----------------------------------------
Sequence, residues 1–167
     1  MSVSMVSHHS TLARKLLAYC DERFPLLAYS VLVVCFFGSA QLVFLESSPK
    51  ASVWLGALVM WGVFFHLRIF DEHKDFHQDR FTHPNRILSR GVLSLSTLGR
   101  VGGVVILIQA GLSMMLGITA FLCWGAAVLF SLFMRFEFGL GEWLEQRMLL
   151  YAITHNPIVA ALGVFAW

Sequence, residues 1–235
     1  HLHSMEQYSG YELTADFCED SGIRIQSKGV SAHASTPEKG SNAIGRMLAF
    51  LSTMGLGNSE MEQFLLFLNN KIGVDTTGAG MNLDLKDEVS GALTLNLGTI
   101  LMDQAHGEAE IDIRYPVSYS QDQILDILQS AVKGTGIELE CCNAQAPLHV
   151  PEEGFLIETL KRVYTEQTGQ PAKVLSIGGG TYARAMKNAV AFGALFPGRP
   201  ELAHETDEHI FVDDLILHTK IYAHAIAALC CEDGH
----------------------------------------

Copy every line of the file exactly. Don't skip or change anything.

Sequence, residues 1–167
     1  MSVSMVSHHS TLARKLLAYC DERFPLLAYS VLVVCFFGSA QLVFLESSPK
    51  ASVWLGALVM WGVFFHLRIF DEHKDFHQDR FTHPNRILSR GVLSLSTLGR
   101  VGGVVILIQA GLSMMLGITA FLCWGAAVLF SLFMRFEFGL GEWLEQRMLL
   151  YAITHNPIVA ALGVFAW

Sequence, residues 1–235
     1  HLHSMEQYSG YELTADFCED SGIRIQSKGV SAHASTPEKG SNAIGRMLAF
    51  LSTMGLGNSE MEQFLLFLNN KIGVDTTGAG MNLDLKDEVS GALTLNLGTI
   101  LMDQAHGEAE IDIRYPVSYS QDQILDILQS AVKGTGIELE CCNAQAPLHV
   151  PEEGFLIETL KRVYTEQTGQ PAKVLSIGGG TYARAMKNAV AFGALFPGRP
   201  ELAHETDEHI FVDDLILHTK IYAHAIAALC CEDGH